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Balanced Literacy in an Urban School District
Bruce B. Frey, Steve W. Lee, Nona Tollefson, Lisa Pass and Donita Massengill
The Journal of Educational Research
Vol. 98, No. 5 (May - Jun., 2005), pp. 272-280
Published by: Taylor & Francis, Ltd.
Stable URL: http://www.jstor.org/stable/27548089
Page Count: 9
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Balanced literacy is a philosophical orientation that assumes that reading and writing achievement are developed through instruction and support in multiple environments in which teachers use various approaches that differ by level of teacher support and child control. The authors describe 1 urban school district's real-world attempt to create a balance between reading and writing, between teacher-directed and student-centered activities, and between skills-based and meaning-based approaches to literacy instruction. To measure balanced literacy components, the authors used a triangulation strategy with multiple methods of data collection that included classroom observations, inventories of physical environments of classrooms and school buildings, teacher surveys, and student interviews. Results suggest that teacher-directed instruction, a fundamental aspect of balanced literacy, was implemented less often than either independent reading or writing activities. Teachers appeared to allocate instructional time as directed by district administrators, and they implemented components of a balanced literacy program. In addition, most school buildings had a physical environment that supported balanced literacy. However, the amount of time devoted to instruction and modeling effective reading and writing strategies seemed too limited for a group of students with poorly developed reading and writing skills.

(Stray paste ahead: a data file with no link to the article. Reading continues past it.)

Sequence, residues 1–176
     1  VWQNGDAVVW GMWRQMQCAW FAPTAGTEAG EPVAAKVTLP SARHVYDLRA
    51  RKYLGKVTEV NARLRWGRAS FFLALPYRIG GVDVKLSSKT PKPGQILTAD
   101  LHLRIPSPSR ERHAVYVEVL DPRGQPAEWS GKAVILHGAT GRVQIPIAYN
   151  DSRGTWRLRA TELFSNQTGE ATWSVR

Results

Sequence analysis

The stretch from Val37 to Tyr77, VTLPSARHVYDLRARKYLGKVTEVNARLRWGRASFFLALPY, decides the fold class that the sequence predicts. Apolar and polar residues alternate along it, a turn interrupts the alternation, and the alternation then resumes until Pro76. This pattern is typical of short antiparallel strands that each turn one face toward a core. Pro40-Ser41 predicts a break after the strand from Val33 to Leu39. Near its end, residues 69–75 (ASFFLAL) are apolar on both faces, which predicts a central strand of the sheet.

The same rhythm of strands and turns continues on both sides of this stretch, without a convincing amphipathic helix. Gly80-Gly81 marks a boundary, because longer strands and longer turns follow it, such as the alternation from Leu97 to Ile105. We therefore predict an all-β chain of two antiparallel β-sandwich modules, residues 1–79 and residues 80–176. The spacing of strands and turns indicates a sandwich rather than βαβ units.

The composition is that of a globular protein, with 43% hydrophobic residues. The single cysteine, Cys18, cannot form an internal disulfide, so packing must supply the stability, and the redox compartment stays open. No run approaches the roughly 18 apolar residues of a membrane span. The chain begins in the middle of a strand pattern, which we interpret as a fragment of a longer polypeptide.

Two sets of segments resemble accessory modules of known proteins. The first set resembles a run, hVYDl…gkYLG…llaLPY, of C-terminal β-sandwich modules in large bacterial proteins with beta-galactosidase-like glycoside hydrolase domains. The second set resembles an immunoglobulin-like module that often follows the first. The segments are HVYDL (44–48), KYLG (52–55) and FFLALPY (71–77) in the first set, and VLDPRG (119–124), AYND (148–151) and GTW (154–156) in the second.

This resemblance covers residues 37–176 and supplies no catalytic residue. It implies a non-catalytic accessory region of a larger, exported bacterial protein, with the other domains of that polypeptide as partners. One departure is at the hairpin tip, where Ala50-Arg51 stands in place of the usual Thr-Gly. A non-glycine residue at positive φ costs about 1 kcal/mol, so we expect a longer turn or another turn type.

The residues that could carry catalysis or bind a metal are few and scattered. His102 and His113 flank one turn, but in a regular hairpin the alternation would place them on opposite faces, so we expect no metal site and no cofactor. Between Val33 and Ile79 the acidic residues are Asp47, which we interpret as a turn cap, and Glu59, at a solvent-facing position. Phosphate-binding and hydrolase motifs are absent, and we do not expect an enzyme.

The Journal of Educational Research © 2005 Taylor & Francis, Ltd.